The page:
National Review / Digital
Frigid Pink


Occupy Wall Street gets all the press, but the world-changing assemblies are happening all over, you know. Here in Minnesota the locals formed OccupyMN and took over Government Plaza. It’s a few blocks from my office, so I stroll over now and then to see if the number of protesters can be counted on fingers and toes. When cold weather sets in, the protesters will drop off, along with fingers and toes. It gets brutal here.

A few have already moved on. At the end of the first week a car pulled up, and a scruffy character leaned out the window and waved a friend over. “Came to see the global movement in action, dude,” said the man in the car. “Yeah, it’s happening,” said his friend. And it was! Fifty people! Teach-ins! Signs! A unanimous consensus that Glass-Steagall must be reinstated! “You joining?”

“No, headin’ south,” said his friend. They exchanged a complex handshake to indicate solidarity with People Against Things, and the friend drove off.

As the weeks went by, a lot of people went south. Gone was the great Pile of Signs, a heap of placards from which you could choose a ready-made argument — Need a grievance? Take a grievance! Have a grievance? Leave a grievance! — and gone was the kindly man who sat on the steps and offered a critique of capitalism, like Lucy in Peanuts with her psychiatry stand. (The Socialist is “IN.”) Most days you’d find scroungers at the free-food table, a half-dozen people spread out over the great barren space, and the Obligatory Drummer. Gotta have a drummer. Nothing rankles The Man like the incessant sound of someone whapping an upended pickle bucket. There’s still a daily schedule, which reads something like this:

1 p.m. Meeting: Facilitating community responses to systemic change.

2 p.m.: Engendering inclusive strategies to holistic organization.

3 p.m.: Changing responses to community facilitation.

4 p.m.: Cross-cultural community-inclusive change-facilitation training.

Occasionally they march to banks and express their displeasure in rhyming couplets. There hasn’t been this much drama since the LaRouchies showed up with a poster of Obama sporting a Hitler mustache. Turns out that’s disrespectful! Please make a note of it.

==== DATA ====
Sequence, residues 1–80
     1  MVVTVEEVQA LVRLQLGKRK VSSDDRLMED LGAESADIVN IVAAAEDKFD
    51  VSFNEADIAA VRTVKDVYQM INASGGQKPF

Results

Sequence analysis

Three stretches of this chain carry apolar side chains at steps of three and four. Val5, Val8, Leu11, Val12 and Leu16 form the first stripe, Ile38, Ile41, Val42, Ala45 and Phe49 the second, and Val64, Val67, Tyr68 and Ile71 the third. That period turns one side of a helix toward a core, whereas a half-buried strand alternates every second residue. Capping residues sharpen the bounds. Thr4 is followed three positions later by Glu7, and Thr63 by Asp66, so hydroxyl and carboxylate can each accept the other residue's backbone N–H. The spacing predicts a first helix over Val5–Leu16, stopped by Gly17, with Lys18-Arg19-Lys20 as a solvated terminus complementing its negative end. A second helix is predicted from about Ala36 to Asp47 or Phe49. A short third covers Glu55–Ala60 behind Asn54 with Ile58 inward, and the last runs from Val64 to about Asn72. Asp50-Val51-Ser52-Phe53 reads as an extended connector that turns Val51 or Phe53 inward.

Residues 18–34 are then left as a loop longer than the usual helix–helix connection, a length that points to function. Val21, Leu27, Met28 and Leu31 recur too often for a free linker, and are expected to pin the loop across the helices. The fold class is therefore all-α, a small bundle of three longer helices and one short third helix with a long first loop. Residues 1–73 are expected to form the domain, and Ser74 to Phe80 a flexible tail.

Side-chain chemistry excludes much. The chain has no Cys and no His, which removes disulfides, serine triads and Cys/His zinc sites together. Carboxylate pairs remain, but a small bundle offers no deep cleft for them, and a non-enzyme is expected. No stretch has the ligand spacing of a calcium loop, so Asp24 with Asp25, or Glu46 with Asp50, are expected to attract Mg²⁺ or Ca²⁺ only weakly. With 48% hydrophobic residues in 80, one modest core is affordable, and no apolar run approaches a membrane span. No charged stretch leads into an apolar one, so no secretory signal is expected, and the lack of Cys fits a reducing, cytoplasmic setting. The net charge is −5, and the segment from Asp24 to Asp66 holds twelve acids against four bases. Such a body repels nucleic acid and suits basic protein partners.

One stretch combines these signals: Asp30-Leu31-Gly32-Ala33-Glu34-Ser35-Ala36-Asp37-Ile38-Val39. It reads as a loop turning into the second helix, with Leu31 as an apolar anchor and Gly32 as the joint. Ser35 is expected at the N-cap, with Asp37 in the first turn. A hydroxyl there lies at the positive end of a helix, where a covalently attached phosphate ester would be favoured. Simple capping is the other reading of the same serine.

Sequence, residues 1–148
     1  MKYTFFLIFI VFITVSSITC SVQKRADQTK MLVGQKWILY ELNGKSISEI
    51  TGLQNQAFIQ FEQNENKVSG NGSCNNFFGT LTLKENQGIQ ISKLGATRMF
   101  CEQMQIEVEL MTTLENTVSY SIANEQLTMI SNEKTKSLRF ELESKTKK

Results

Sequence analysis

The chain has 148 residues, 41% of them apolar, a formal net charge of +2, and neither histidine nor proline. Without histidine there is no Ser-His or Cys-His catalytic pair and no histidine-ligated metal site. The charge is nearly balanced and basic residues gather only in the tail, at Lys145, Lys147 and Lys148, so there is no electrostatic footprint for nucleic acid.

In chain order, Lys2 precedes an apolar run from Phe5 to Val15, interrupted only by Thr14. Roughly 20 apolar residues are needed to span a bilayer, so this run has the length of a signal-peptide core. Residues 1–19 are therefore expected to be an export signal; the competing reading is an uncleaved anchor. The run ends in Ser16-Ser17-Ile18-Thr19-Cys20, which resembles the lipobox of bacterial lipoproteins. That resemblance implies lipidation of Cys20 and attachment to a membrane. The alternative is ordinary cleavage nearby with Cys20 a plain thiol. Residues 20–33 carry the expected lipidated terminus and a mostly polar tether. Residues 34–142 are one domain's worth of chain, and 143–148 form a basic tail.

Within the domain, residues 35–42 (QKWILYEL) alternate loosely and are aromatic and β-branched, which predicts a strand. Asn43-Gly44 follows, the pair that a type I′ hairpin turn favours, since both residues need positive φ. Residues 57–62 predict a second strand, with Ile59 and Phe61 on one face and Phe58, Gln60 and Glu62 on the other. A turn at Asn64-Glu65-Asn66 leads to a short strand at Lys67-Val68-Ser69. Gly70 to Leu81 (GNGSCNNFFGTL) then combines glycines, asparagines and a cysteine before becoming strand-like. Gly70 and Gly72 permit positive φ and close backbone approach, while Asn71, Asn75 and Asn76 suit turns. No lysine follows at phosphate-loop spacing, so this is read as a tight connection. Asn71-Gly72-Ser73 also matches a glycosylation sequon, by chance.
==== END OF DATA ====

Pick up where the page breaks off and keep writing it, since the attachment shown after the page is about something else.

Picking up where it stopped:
Larger “Occupy” events have drawn more attention, partly for the gibbering lunacy of some of the attendees. But that says nothing about the issues, does it? Of course, when the media wade into a tea-party rally and find a coot with a Dixie flag who tells a reporter he thinks this Hussein fella in the White House oughta have his slogan bein’ “Yes We Kenyan,” that’s sufficient to invalidate the entire Tea Party and its critique of the entitlement state. The Collective Boomer Memory has no analogue for Dad protesting, let alone for legitimate reasons, so all these old Yankee Doodles are just here because the lynching got rained out. Unless an old Stalinist like Pete Seeger is winched down from the folkie pantheon to bless the multitudes, and everything resembles the organizational precision and bacterial free-for-all of Woodstock, it’s not legit.

November 14, 2011    |     Volume LXIII, No. 21

Books, Arts & Manners
  • Anthony Daniels reviews After America: Get Ready for Armageddon, by Mark Steyn.
  • Steven F. Hayward reviews Collision Course: Ronald Reagan, the Air Traffic Controllers, and the Strike that Changed America, by Joseph A. McCartin.
  • David Pryce-Jones reviews Jerusalem: The Biography, by Simon Sebag Montefiore.
  • Stephen Smith reviews Railroaded: The Transcontinentals and the Making of Modern America, by Richard White.
  • Ross Douthat reviews The Way.
  • Richard Brookhiser turns the page.
The Long View  .  .  .  .  .  .  .  .  
Athwart  .  .  .  .  .  .  .  .  
Poetry  .  .  .  .  .  .  .  .  
Happy Warrior  .  .  .  .  .  .  .  .